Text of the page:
ANNA — Anna residents had the chance to learn more about a proposed solar energy project during a Shelby County Farm Bureau policy meeting on Wednesday.
The meeting, which was held in the Anna FFA classroom, was free to all Farm Bureau members, with a $10 fee for non-members.
Dale Arnold, director of energy development for the Ohio Farm Bureau Federation, led the meeting.
“I’m probably going to leave you with more questions than answers tonight,” Arnold said. “That’s fine — this is the start of a conversation.”
The topic of conversation focused around the proposal by EDF Renewables — a French-owned energy company — to build a 200-megawatt solar panel farm on a 2000-acre area of farmland in Anna.
The proposed boundaries of the project run from state Route 29 to the railroad tracks in Swanders, and from Meranda Road to Fort Loramie-Swanders Road.
A representative of EDF Renewables held a meeting for local farmers last month during which the project, labeled as the “Honda Solar Project,” was introduced to area residents.
This project title left many attendees under the reasonable impression that Honda was involved in the planning and prospective execution of the solar farm. However, Senior Communications Specialist of Honda Manufacturing Corporation Inc. Stephanie Gostomski told the Sidney Daily News that this is not the case.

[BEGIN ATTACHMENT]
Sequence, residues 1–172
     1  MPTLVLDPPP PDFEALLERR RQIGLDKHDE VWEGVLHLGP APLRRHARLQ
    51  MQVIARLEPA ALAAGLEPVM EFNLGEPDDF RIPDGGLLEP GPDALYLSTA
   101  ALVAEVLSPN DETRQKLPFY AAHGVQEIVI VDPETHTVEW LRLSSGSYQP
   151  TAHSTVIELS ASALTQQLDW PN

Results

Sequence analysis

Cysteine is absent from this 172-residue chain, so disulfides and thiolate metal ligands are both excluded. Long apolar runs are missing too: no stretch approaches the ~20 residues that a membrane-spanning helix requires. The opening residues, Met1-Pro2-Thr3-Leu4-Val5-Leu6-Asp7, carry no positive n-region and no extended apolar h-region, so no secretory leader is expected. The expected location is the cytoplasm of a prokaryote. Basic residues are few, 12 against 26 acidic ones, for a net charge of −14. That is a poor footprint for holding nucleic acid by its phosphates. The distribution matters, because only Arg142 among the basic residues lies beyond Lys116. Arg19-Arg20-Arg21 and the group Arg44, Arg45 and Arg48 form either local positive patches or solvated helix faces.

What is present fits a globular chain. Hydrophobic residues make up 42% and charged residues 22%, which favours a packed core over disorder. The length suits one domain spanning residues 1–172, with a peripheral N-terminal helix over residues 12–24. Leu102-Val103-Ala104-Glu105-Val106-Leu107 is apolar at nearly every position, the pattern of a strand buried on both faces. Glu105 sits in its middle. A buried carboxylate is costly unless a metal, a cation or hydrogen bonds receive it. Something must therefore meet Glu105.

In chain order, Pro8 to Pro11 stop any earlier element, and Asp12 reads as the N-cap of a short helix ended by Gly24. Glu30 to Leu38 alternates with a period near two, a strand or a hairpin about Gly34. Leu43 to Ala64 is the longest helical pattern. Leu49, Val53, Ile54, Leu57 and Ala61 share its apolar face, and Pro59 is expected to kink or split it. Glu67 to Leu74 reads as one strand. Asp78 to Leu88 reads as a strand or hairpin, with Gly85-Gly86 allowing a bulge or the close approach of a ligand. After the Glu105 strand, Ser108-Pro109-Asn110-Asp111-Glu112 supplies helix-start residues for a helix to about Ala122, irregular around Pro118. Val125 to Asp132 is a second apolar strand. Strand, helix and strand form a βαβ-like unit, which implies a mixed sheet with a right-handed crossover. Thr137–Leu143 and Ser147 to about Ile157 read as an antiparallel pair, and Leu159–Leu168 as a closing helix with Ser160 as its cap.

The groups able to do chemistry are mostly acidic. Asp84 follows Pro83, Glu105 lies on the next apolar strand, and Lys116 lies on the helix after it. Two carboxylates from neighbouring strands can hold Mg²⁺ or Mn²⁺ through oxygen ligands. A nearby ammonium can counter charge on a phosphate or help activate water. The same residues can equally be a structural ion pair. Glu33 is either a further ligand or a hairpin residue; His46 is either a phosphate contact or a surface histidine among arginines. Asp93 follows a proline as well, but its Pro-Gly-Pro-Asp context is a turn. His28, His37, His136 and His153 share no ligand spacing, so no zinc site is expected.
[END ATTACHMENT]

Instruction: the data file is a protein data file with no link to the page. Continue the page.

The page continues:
“Honda is not involved in the proposed solar generation project near Anna that has been referred to by its developers as the ‘Honda Solar Project,’” she said. “While we support renewable energy and have installed both solar and wind generation at our facilities in Ohio, we have asked the developer to no longer use our name to promote its project.”
According to Christian Hollenkamp, senior right of way agent for Contract Land Staff, who has been contracted by EDF Renewables to help with securing the land necessary for development, the project title is simply based on its location to Honda.